This patient with history of early stage breast cancer who completed surgical and radiation treatment 9 years ago presents with pink to violaceous and hyperpigmented plaques, some studded with pink papules with overlying hemorrhagic crust, predominantly located on the left side of the chest and sprawling out toward the neck and the right chest. Her presentation is most consistent with carcinoma en cuirasse, a presentation of cutaneous metastases most often associated with breast cancer primary. Cutaneous metastases occur in 5-10% of cancer patients and may result from any malignant neoplasm. Prognosis associated with this diagnosis is very poor, as 6 and 12-month mortality rates for these patients are 48% and 64.5%, respectively. Presentations vary, with carcinoma en cuirasse characterized by a diffuse infiltration into the skin, leading to sclerodermoid change. Histopathology may be characterized by a (A) dermis infiltrated by atypical neoplasm formed by pleomorphic epithelial cells with hyperchromatic nuclei and distinct nucleoli, disposed in columns and glandular-like structures, amid desmoplastic collagen without associated inflammation. Positive immunostaining for HER2, estrogen receptor, and progesterone receptor would be suggestive of breast cancer primary. Other presentations of cutaneous metastases include: dermal or subcutaneous nodules, carcinoma erysipeloides, carcinoma telangiectodes, Paget’s disease, alopecia neoplastica, and pyogenic granuloma-like lesions.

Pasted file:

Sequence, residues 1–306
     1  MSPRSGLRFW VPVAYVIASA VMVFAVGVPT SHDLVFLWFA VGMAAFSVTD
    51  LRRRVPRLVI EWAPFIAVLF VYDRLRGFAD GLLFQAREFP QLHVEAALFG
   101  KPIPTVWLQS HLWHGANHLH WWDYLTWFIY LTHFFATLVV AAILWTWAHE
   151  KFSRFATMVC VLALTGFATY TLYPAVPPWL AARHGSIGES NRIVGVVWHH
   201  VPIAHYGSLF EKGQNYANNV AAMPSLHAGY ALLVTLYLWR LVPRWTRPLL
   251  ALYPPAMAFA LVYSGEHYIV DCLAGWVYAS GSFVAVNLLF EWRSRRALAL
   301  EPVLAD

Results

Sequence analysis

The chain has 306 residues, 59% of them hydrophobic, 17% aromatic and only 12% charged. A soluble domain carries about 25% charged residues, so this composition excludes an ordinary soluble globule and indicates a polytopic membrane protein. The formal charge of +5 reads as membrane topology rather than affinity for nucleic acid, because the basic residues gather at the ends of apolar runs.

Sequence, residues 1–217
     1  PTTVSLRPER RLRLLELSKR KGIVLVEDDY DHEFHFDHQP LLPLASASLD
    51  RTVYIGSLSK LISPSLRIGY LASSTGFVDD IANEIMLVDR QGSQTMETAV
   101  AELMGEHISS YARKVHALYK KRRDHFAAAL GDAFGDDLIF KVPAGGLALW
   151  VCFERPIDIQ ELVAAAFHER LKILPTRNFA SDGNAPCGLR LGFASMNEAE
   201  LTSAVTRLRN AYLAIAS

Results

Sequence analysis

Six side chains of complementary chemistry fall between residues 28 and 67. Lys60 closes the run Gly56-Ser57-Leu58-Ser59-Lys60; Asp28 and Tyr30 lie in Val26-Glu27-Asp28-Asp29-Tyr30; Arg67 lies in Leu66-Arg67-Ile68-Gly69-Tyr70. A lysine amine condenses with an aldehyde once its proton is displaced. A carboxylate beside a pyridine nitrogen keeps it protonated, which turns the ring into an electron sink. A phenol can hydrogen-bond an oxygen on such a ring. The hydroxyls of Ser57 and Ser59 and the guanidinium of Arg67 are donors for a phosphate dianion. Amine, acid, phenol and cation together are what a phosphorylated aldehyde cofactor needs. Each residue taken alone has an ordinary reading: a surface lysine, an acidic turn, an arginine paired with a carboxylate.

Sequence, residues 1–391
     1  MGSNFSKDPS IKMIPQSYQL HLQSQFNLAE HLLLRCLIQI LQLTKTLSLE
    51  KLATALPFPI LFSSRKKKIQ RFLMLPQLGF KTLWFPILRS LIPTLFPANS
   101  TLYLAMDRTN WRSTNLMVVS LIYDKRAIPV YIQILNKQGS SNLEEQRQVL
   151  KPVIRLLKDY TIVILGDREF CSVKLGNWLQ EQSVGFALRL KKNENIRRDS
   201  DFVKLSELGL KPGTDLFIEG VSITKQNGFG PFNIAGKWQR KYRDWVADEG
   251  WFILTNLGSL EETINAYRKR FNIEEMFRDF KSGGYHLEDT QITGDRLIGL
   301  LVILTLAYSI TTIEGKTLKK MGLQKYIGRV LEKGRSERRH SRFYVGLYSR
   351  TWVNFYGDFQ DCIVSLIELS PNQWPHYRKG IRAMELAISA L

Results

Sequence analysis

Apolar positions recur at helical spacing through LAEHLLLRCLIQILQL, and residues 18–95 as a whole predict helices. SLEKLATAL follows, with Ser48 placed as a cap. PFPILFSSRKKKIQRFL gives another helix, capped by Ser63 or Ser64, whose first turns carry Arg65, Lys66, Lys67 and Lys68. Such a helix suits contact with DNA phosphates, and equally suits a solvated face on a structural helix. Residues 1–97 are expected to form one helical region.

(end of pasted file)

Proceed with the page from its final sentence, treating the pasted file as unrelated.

Lymphangiosarcoma is high on the differential diagnosis for this patient’s presentation, and may present with non-healing eschars and multiple violaceous nodules. Stewart-Treves syndrome is a rare form of angiosarcoma which arises in the setting of chronic lymphedema, most commonly described in breast cancer patients who have undergone axillary lymph node dissection. Histopathology for this condition may show (B) atypical hyperchromatic epithelial cells forming crack-like vascular spaces between collagen bundles, with positive immunostaining for CD34, CD31. Patients usually have history of radical mastectomy, as opposed to lumpectomy, and lesions most commonly occur on the ipsilateral upper extremity overlying specific regions of lymphedema, as opposed to widespread lesions occurring over the torso.